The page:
Figures (A.L. Flagg): [1] "Obsidianites" & correspondence (Flagg-Nininger, 1959) | [2] Lechatelierite & sandstone, Meteor Crater | [3] Trinitite, Trinity (coming soon)

Bediasites, Georgiaites, Virgil Barnes, Albin, signed references

5. The H.O. Beyer Collection of Philippinites
Manila, Philippines
First half of the 20th century

H. Otley Beyer and his collection of tektites and archaeological artifacts, presented in issues of Philippines International magazine from 1962 and 1965.

H.O. Beyer, avid investigator and collector of tektites in the Philippines

Born in America, Henry Otley Beyer (1883-1966) spent most of his adult life in the Philippines. While best known for his work on anthropology (considered the dean of Philippine anthropology), Beyer was also an avid investigator and collector of tektites (Philippines International, 1962; 1965) [1]. His life-long work on tektites is compiled in a large two-part monograph entitled "Philippine Tektites", which includes most of his past papers [2]. Beyer was described as an assiduous scholar and encyclopedist as well as a hard beaten scientific field worker and collector. Amongst others, Beyer appeared to have good relations with George Baker (1908-1975). Before WWII, his collection was kept in several houses. Lootings and fires destroyed parts of the collection. As of 1965, the Beyer collection was housed at the Museum and Institute of Archeology and Ethnology of Manila. The National Library of Australia purchased in 1972 papers from the Beyer estate (incl. correspondence, photographs, maps, etc.). The entire collection of tektites was purchased by D. Luong from Beyer's son. The Tricottet Collection obtained one specimen from Luong [3] and the rest of the collection was purchased by A. Whymark in the 2010s. This is Beyer who first reported tektites found in the Philippines in 1926, at an archeological site in Rizal Province on Luzon Island. Philippinites from that area are called rizalites. Other specimens found in the Bikol area are called bikolites [3]. Philippinites are also part of the Southeast Asian tektite group, subdivision of the Australasian Strewn Field. As other Southeast Asian tektites, philippinites are typically severely pitted, etched and grooved due to corrosion by water and acids.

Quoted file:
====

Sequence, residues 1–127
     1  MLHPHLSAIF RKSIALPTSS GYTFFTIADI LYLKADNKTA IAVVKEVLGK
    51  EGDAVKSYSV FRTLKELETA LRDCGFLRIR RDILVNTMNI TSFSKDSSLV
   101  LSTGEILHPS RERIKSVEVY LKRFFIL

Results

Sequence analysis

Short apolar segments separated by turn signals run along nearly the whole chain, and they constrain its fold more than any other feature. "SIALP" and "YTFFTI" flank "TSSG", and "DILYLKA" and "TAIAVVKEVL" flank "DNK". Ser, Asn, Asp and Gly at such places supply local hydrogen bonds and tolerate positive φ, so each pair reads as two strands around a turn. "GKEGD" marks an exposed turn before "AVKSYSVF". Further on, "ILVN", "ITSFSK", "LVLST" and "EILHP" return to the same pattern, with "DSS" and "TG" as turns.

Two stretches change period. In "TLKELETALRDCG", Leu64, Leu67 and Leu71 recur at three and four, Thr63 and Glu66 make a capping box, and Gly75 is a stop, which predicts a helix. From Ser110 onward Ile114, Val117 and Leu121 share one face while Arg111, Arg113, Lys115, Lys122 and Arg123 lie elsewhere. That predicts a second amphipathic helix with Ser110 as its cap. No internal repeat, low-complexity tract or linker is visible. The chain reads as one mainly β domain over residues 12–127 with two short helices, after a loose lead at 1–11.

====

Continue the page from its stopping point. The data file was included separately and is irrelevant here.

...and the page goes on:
Figures: [1] Beyer's portrait (Philippines International, 1962; 1965) | [2] Beyer's monograph (Beyer, 1962) | [3] Bikolite (D. van Eek / H.O. Beyer)

Great Circle Hypothesis, glass meteorites, Alfred Lacroix articles, 1930s, tektite strewn fields

6. The South Australian Museum tektite collection
Adelaide, South Australia
Second half of the 19th century-20th century

Charlotte Waters australites originally part of the James W. Kennett collection built in 1932-1937, obtained by the South Australian Museum in 1940 & studied by Charles Fenner.

The most extensive & representative collection of australites

Australites were first described in Darwin's "Geological Observations" (Darwin, 1844), twelve years before the founding of the South Australian Museum (SAM) in Adelaide. Australites were already long known to Aboriginal people who produced small cutting tools (or microliths). By the mid-19th century, they were also well known to the gold diggers, who called them button stones. A collection of almost 4,000 specimens made by W.H.C. Shaw of Perth was acquired by the SAM during this period. In 1940, a collection of more than 7,000 specimens made by Constable John W. Kennett was purchased; these, with the assistance of aboriginals, were collected in the area surrounding Charlotte Waters [1]. Smaller individual series were obtained through the years from other collectors (e.g., from N. Bartlett) [2]. Australites are part of the far larger Australasian Strewn Field. Common forms of australites include splash forms (primary shaping) and ablated forms such as flanged buttons [2a] and cores (secondary shaping) [2b]. Tertiary shaping due to terrestrial degradation is rarer than for other tektites due to favorable climatic conditions. Charles Fenner (1884-1955), staff member of the SAM paleontological section (after being Director of Education), plunged with enthusiasm into the work of registration and cataloguing of australites of which he made a particular study (Fenner, 1940) [1]. Among the last of his activities (before he retired in 1954 aged 70) was the preparation of a separate register for the australites of the SAM. For a detailed history of the first one hundred years of the SAM, read Hale (1956).

Figures: [1] Australites (J.W. Kennett / SAM) | [2] Australites (N. Bartlett / SAM)